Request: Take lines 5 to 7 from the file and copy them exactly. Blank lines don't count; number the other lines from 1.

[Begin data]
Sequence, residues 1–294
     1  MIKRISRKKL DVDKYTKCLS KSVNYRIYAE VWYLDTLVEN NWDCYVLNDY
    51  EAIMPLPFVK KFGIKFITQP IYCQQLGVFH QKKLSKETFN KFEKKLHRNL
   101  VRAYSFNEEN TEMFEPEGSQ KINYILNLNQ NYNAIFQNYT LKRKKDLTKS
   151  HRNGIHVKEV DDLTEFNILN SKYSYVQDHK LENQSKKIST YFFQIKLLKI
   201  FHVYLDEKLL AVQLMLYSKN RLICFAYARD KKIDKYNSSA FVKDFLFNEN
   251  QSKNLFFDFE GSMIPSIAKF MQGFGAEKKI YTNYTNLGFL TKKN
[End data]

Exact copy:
   151  HRNGIHVKEV DDLTEFNILN SKYSYVQDHK LENQSKKIST YFFQIKLLKI
   201  FHVYLDEKLL AVQLMLYSKN RLICFAYARD KKIDKYNSSA FVKDFLFNEN
   251  QSKNLFFDFE GSMIPSIAKF MQGFGAEKKI YTNYTNLGFL TKKN